There are about 300 Pickers at this facility. They are managed by two managers. Pickers find the cubby they’re assigned to look for, scan its barcode, and then find the item within that cubby that they’re supposed to pick. They scan the item’s barcode, and drop the item into their bin. If a picker finds a broken item, they put it in a red bin at the end of the aisle, where QC can find and fix/dispose of it. If a picker finds an item that’s not in its proper cubby (e.g. on the ground), they put it in a blue “amnesty” bin, where QC can pick it up and return it to its proper location.

Once they get all the items on their current list (which does *not* correspond to a customer order), they put the bin on a conveyor, and it goes up to sort.

At sort, an associate has a bin (from the pickers) and an 8020 rack on casters that has a few dozen cubbies on it. They pick an item at random out of the bin, scan it, and then a monitor tells them which cubby to put it in. Here, the cubbies *do* correspond to customer orders. Once the rack’s cubbies are all full, the rack gets wheeled over to the pack stations. Each cubby has a packing list in it.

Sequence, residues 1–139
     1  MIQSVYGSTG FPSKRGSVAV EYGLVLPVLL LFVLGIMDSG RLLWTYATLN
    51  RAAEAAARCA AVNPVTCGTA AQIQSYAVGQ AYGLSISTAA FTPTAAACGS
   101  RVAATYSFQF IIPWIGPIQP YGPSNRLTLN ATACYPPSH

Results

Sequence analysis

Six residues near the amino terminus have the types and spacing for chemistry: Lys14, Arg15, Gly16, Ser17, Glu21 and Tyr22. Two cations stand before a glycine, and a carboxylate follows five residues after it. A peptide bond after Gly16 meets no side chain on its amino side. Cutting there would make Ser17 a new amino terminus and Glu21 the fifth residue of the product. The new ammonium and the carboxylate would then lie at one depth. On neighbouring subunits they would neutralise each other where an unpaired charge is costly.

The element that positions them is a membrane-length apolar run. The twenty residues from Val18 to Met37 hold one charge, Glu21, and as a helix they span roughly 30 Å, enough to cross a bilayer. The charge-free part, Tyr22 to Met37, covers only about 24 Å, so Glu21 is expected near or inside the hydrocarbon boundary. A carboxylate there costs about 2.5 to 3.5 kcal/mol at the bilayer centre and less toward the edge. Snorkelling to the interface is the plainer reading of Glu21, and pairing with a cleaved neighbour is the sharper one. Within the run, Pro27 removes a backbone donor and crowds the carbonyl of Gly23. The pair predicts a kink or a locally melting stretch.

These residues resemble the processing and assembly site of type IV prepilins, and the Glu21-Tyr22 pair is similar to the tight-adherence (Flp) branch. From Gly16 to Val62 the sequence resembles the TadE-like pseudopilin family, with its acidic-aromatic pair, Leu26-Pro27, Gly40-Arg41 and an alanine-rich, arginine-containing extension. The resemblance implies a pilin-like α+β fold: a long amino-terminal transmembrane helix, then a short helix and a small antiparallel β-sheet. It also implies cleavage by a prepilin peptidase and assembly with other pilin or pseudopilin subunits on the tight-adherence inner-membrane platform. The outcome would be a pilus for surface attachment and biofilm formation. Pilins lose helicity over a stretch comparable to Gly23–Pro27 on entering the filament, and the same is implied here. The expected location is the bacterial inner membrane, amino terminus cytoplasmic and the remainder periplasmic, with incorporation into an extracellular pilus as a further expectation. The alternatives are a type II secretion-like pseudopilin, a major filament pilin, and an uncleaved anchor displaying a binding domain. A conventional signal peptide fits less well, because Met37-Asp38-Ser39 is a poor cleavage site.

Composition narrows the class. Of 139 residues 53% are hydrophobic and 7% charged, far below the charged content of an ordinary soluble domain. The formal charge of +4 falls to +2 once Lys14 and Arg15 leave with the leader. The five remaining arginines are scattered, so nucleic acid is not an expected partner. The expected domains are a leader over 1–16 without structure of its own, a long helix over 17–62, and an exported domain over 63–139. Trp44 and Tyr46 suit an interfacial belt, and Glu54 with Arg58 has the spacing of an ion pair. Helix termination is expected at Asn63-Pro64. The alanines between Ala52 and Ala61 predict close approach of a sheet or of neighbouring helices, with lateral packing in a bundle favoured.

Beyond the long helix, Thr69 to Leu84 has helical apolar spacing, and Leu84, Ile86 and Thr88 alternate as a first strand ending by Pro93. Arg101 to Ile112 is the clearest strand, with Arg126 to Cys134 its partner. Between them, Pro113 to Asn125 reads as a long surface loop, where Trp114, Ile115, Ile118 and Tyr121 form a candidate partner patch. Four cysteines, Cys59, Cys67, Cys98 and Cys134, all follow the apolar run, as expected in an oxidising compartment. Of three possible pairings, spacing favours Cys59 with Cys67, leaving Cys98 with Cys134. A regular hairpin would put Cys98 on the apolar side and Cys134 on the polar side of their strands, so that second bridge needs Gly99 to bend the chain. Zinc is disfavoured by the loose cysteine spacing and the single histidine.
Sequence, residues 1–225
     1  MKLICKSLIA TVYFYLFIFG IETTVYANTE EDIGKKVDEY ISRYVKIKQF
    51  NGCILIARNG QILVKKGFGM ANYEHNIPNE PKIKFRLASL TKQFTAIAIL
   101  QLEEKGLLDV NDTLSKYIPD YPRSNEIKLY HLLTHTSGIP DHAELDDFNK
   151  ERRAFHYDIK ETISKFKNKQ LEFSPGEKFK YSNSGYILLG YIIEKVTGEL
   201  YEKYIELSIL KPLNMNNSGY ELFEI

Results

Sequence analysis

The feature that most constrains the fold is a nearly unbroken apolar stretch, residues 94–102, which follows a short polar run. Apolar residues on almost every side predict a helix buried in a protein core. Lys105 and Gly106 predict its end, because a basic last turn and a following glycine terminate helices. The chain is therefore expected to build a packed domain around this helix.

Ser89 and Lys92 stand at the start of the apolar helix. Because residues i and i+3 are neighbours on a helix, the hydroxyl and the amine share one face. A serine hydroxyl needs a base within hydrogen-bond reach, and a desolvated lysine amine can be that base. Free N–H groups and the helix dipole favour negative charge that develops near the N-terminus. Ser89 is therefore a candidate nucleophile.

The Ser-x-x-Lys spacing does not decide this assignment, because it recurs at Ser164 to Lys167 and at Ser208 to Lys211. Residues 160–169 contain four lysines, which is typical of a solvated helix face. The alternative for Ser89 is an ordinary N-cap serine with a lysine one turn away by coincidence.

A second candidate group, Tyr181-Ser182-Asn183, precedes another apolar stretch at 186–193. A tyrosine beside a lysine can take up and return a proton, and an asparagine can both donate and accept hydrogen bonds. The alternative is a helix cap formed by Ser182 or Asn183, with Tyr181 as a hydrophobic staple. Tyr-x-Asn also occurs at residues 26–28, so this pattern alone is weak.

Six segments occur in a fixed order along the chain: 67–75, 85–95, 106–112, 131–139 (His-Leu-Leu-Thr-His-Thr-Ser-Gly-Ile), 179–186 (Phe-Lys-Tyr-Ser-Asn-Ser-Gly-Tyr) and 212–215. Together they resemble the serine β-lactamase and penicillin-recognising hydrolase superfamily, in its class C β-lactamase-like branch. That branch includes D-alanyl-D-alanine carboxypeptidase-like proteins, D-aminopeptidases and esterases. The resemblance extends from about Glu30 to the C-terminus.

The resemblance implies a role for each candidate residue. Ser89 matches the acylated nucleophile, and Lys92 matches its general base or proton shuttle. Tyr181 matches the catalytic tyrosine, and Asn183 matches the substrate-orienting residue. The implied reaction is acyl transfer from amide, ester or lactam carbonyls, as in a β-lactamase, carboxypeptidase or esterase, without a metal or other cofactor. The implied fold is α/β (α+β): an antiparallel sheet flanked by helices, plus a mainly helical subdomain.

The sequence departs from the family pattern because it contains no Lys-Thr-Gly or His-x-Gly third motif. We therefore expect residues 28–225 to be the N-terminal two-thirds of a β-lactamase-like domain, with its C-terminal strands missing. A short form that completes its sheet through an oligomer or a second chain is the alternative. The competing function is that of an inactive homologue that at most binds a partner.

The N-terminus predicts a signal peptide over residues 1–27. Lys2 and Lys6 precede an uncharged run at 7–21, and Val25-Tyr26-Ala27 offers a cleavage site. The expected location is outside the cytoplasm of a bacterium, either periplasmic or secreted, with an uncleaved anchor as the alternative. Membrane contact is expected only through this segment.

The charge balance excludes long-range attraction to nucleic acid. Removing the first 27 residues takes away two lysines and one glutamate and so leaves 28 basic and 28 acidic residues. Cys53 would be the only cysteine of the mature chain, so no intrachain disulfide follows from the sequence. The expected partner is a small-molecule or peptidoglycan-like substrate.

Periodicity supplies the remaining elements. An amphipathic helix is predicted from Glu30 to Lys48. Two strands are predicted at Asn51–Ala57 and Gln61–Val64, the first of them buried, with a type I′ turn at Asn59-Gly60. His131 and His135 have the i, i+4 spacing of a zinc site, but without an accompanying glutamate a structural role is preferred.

There are about 100 Packers at this facility. They have one manager, and two or three assistant manager types. The packers take a packing list and its items out of the rack. They scan the packing list and it tells them which box to use. Different packers have boxes of different sizes; so one packer might have small/medium boxes, and another might have larger boxes.

They pack all the items into the box and fold it up, putting the packing list inside. They have a machine that wets water-activated shipping tape and cuts it to length automatically. All they have to do is press a green button and the machine already knows what kind of box they’re using and spits out a piece of tape that’s just the right length.

Each packer has a set of Andon lights above their station, which indicate their ability to perform their work. During normal operation, the Andon light is green. If the associate is running low on supplies, they turn it to blue; if they have a serious blockage or shortage problem, they turn it red. Andons are constantly monitored by support staff, who will come to assist if a packing associate is unable to do their job.